Updated Monday, March 16, 2009 at 5:24 p.m. EST
Three U.S. congressmen are drafting a bill that would require companies to disclose to users that their internet activity is being tracked for behavioral advertising purposes.
Although companies such as AOL, Yahoo and Microsoft have been using behavioral advertising for up to 10 years, Google's announcement last week
to jump on the bandwagon has ignited discussion among privacy groups – and now lawmakers.
Rep. Cliff Stearns, R.-Fla., is one of the congressmen involved in drafting a general privacy bill, which will contain provisions to regulate behavioral advertising, his spokesman told SCMagazineUS.com.
"Consumers need to know what information is being collected, who is collecting the information, and what are they doing with the information," Stearns told SCMagazineUS.com Monday in an email. "The more information that is available to consumers will empower them to make the best decisions when it comes to their own personal privacy."
Stearns is working on the bill with Rep. Rick Boucher, D.-Va., according to the New York Times.
Other media outlets have reported that Rep. Joe Barton, R.-Texas, also is working on the bill.
Google's “interest-based” advertising system is based on the type of websites users visit. Google will place users into interest categories – such as sports, cars and cats – and serve ads related to these categories, Nicole Wong, deputy general counsel at Google, told SCMagazineUS.com last week. Users will have the option of modifying the interest categories they fall into or “opt-out” by downloading a browser plug-in, which permanently stores the user's preference for opting out of interest-based ads.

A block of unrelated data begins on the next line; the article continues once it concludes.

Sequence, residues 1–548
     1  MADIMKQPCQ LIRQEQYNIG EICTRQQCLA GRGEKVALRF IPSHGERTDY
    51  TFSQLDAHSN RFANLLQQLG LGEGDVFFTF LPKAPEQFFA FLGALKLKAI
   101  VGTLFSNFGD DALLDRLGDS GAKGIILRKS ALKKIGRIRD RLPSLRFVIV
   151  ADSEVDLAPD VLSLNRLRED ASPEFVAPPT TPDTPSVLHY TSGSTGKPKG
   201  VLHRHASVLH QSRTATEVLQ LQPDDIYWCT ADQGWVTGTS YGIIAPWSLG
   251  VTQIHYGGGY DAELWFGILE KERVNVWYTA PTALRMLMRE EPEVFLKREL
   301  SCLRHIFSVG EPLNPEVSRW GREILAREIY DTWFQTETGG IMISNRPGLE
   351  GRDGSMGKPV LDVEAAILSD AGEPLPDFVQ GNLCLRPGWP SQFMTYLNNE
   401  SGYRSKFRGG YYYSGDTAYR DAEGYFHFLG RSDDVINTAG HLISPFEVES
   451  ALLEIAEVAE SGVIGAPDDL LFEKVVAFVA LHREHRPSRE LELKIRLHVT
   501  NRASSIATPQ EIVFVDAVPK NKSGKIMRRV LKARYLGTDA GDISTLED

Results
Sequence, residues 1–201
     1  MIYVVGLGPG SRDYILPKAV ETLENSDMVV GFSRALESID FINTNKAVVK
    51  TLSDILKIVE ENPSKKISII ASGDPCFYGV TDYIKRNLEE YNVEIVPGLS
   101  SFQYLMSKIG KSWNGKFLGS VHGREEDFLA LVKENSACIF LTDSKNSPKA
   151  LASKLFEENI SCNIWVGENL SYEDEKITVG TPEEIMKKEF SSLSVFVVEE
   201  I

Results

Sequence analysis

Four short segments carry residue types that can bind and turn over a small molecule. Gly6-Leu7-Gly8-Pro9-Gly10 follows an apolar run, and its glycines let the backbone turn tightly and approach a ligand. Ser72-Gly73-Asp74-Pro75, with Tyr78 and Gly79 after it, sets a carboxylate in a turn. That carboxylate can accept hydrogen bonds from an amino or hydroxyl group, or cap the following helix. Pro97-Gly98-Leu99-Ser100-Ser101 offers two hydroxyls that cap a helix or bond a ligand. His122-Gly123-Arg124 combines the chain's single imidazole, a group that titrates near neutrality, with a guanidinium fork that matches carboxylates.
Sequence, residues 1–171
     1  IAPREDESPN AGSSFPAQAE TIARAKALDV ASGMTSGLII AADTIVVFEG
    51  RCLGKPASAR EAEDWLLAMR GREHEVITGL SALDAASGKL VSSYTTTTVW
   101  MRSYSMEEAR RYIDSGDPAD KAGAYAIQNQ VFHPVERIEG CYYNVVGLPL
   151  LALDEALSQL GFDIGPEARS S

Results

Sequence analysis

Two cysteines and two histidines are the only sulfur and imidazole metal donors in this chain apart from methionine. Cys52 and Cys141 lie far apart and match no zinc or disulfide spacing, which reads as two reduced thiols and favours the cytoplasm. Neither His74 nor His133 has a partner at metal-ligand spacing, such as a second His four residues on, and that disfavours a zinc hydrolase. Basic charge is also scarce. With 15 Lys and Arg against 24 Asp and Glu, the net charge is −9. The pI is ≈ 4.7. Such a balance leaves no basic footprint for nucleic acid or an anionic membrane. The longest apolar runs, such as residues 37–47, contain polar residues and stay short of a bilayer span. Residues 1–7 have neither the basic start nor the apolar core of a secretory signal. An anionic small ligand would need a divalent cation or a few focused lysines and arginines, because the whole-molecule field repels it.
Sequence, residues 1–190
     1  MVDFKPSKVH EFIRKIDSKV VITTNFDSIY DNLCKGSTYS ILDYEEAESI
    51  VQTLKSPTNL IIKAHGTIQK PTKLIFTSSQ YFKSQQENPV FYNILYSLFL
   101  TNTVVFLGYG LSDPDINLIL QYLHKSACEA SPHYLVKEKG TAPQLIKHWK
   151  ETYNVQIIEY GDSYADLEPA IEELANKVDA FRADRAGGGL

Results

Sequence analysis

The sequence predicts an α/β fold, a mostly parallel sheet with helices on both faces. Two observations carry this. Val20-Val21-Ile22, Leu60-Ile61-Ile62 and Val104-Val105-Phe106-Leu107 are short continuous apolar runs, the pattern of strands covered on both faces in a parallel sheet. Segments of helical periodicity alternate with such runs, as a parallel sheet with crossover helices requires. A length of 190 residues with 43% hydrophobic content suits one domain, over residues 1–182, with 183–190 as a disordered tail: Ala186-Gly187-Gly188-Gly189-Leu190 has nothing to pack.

Boucher told the Times
that websites participating in behavioral advertising should be required to obtain explicit permission from a user and should be required to disclose how they collect and use data.
Lillie Coney, associate director of the nonprofit Electronic Privacy Information Center (EPIC), applauded the action of Congress, saying that behavioral advertising services will become more transparent and better understood if there are laws regulating them.
Stearns said that Congress has been looking into these issues for a number of years.
"We need to be sure that we do it right and not rush into regulation that is overly burdensome and unclear," Stearns said.
But if a law passes, one of the challenges may be enforcement, especially if the advertising company is located outside of the United States, she told SCMagazineUS.com on Monday.